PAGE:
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Nocturne No.12 in E Minor Op.107

Fauré: Nocturnes 8-13

Nowhere is the complex nature of Fauré’s art better exemplified than in the great series of 13 Nocturnes. They span almost the whole of his creative life, the first dating from 1875 when he was 30, the last from 1921 when he was 76. The appelation ‘Nocturne’ is neutral rather than evocative; Fauré disliked evocative titles and, like his near contemporary, Brahms, would have preferred abstract titles like ‘Piano Piece’; the 8 Pièces brèves (a fascinating collection of pieces composed at various times, which mixes the rigour of the Fugues with the allure of the Allegresse and the 8th Nocturne, and the strange power of the Adagietto) were give their individual titles by the publisher against Fauré’s wishes –hence the so-called 8th Nocturne which, in its scope and manner, stands slightly apart from the series of Nocturnes.

What is, however, perfectly clear is that ‘Nocturne’ was chosen for piano pieces of the greatest emotional weight and depth, ranging from the posed equilibrium of No.4 to the great struggle of No.13, from the long lines of No.7 to the terse and epigrammatic No.9, from the serenity of No.6 to the anguish and torment of No.12.

The 7th and 9th Nocturnes, separated by 10 years, stand on either side of the great personal and creative watershed in Fauré’s life. There is plenty of evidence in the stylistic variety of Fauré'’ later works to suggest that the creative crisis which overtook the composer in the early years of this century was not due to any drying up of a creative impulse but rather a deliberate renewal of his language in the face of his own works (and in a significantly different direction from Debussy, and from Ravel who had by this time been a pupil). While this evolution was not enforced it was certainly intensified by much that was happening in Fauré’s life. Apart form coming to terms with the form of partial deafness which was to afflict him for the rest of his life, there was, on the more side, an upsurge of creative encouragement after years of public and professional indifference: to add to the stimulation already received from his pupils and their radically new voices, was his appointment as head of the Paris Conservatoire in 1905, which he set out to reform with such zeal as to earn him the nickname of ‘Robespierre’; there were new champions, pianists like Alfred Cortot and Marguerite Long, musicologists like Joseph de Marliave; last, but by no means least, he changed his publisher from Hamelle to Heugel, which provided not only a psychological fillip, but also a contract which actually stipulated that he produce a specified quantity of new pieces.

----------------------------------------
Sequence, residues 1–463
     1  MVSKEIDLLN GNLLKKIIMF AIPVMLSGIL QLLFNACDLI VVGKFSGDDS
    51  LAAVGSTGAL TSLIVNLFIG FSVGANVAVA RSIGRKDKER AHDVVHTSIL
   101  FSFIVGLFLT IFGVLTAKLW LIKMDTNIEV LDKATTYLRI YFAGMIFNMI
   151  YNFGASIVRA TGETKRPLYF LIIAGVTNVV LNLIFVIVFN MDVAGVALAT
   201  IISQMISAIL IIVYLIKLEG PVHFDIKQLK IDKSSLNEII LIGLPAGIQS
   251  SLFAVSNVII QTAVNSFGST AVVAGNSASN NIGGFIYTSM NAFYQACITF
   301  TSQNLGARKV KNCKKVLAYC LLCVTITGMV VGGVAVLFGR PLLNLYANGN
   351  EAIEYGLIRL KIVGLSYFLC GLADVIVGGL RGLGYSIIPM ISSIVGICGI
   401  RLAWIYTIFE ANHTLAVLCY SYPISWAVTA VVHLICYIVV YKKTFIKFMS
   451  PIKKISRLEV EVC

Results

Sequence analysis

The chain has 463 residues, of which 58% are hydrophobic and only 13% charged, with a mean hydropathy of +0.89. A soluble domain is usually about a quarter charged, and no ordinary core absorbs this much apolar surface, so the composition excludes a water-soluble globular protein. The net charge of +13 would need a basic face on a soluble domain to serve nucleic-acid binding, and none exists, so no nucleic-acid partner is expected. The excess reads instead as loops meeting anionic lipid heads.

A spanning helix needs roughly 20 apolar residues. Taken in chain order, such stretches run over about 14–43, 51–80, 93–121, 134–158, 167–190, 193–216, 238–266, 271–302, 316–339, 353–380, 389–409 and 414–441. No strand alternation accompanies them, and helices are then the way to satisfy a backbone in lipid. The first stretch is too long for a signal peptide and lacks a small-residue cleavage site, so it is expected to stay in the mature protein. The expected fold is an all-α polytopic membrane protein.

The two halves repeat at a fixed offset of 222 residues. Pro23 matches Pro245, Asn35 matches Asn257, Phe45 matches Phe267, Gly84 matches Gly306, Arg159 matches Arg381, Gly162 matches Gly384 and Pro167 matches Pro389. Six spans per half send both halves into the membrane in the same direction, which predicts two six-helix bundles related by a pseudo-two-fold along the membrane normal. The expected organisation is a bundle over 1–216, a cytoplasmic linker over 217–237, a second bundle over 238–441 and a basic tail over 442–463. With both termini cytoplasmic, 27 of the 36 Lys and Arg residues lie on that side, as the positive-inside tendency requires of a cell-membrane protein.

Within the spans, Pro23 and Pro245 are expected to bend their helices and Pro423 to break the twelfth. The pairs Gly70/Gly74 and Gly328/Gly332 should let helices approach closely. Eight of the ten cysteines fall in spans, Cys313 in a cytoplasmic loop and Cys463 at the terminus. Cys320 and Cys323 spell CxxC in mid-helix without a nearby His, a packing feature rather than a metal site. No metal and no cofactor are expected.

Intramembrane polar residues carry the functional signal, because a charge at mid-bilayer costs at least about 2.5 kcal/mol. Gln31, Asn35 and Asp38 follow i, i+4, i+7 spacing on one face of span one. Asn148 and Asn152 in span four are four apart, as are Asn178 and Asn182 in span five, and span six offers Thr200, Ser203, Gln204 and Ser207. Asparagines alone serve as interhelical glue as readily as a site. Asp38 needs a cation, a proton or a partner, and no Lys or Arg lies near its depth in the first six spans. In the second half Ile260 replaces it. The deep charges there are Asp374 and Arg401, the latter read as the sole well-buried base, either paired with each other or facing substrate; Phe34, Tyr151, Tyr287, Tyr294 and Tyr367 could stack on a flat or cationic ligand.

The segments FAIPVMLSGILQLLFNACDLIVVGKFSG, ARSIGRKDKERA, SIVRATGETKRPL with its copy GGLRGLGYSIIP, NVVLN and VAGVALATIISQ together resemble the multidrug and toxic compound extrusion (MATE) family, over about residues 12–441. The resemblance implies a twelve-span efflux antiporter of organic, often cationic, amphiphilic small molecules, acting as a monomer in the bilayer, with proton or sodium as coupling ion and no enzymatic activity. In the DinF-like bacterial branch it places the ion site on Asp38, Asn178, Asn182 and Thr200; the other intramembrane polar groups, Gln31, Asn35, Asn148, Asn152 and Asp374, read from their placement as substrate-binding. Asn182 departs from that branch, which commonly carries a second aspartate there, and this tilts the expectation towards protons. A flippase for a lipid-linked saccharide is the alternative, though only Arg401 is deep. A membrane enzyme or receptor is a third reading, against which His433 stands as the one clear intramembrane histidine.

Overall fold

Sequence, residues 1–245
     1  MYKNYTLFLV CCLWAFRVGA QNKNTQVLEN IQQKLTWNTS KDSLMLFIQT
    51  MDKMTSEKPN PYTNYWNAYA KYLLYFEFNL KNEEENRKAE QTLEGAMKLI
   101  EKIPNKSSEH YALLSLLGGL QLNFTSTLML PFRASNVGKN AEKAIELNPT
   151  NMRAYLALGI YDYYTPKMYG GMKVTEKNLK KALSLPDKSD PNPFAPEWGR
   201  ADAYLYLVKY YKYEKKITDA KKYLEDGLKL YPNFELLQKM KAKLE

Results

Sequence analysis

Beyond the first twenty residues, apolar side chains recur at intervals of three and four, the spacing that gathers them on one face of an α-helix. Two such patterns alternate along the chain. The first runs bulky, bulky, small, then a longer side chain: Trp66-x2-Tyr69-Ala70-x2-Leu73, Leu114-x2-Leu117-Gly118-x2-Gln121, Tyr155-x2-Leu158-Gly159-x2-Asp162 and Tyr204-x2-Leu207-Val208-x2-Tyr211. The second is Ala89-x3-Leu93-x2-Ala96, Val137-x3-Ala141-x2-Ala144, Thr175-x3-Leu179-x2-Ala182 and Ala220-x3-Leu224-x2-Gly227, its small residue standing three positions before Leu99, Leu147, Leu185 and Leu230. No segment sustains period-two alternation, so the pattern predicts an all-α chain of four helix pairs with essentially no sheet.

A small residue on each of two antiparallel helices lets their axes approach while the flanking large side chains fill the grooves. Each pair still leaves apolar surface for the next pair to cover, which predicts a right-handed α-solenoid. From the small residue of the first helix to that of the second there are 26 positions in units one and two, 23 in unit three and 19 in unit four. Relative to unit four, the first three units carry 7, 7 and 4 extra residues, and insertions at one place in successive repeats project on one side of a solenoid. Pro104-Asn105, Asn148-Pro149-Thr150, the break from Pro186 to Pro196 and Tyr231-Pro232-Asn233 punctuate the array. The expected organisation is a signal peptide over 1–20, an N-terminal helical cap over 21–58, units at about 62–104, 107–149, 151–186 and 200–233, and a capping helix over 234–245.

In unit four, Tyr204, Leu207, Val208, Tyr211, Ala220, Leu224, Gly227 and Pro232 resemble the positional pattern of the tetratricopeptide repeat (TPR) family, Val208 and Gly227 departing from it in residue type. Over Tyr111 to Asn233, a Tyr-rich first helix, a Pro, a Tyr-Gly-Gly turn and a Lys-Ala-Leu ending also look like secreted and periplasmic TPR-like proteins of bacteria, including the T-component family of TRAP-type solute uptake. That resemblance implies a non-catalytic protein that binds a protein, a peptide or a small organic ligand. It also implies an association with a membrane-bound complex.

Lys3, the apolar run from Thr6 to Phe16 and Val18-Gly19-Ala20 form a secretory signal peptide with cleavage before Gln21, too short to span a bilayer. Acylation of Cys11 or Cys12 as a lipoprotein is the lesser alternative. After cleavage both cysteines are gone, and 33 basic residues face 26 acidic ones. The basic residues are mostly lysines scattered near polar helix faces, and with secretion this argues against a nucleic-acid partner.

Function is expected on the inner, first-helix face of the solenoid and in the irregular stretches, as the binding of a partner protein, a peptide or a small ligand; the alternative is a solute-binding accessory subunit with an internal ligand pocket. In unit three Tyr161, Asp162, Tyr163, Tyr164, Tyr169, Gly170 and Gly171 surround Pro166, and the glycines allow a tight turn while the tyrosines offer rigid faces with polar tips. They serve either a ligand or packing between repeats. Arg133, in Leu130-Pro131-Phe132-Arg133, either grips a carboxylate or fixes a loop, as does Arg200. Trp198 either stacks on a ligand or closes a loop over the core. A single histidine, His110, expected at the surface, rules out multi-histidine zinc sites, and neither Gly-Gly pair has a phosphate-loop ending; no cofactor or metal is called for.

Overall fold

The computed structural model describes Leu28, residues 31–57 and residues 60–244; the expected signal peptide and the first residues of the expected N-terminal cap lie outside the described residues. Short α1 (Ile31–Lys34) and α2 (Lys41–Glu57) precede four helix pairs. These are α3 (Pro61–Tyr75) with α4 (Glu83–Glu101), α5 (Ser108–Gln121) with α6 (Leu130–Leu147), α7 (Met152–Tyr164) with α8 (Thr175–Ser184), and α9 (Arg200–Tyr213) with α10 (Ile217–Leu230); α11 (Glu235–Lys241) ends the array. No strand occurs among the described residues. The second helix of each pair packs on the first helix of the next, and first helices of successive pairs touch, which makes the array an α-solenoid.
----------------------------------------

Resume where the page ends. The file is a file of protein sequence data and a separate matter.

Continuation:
I find it very difficult to talk about the very special world of the late Nocturnes of Fauré. In the case of one of them, No 11 we are made aware of something of this elegiac piece’s background from its dedication to the memory of Noémi Lalo, wife of the critic Pierre Lalo. But, in general, their moods are very private and very elusive. They are not ‘comfortable’ pieces, and the very qualities which give then their strength and greatness at the same time possibly explain why they are not often played or better known. They are pieces about struggle and conflict, in the cases of Nos.9, 10 and 11, not struggles between various elements but struggles – choked and inarticulate – toward some form of expression, in the cases of Nos.12 and 13, anguished, bitter, unresigned, hence the crucial importance, in all cases, of the codas.

Paul Crossley

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